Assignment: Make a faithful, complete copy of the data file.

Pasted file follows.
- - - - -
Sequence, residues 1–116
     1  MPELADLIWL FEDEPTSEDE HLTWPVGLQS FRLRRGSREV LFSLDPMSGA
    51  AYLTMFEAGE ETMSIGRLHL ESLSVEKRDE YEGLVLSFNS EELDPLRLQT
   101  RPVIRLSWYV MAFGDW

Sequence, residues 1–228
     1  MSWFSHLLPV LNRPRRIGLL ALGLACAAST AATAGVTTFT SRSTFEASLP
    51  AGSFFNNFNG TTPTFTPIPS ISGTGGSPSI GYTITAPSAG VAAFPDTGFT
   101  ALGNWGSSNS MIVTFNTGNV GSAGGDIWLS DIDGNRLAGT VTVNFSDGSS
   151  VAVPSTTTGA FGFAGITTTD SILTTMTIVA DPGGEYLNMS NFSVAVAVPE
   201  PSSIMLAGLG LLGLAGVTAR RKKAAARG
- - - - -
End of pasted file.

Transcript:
Sequence, residues 1–116
     1  MPELADLIWL FEDEPTSEDE HLTWPVGLQS FRLRRGSREV LFSLDPMSGA
    51  AYLTMFEAGE ETMSIGRLHL ESLSVEKRDE YEGLVLSFNS EELDPLRLQT
   101  RPVIRLSWYV MAFGDW

Sequence, residues 1–228
     1  MSWFSHLLPV LNRPRRIGLL ALGLACAAST AATAGVTTFT SRSTFEASLP
    51  AGSFFNNFNG TTPTFTPIPS ISGTGGSPSI GYTITAPSAG VAAFPDTGFT
   101  ALGNWGSSNS MIVTFNTGNV GSAGGDIWLS DIDGNRLAGT VTVNFSDGSS
   151  VAVPSTTTGA FGFAGITTTD SILTTMTIVA DPGGEYLNMS NFSVAVAVPE
   201  PSSIMLAGLG LLGLAGVTAR RKKAAARG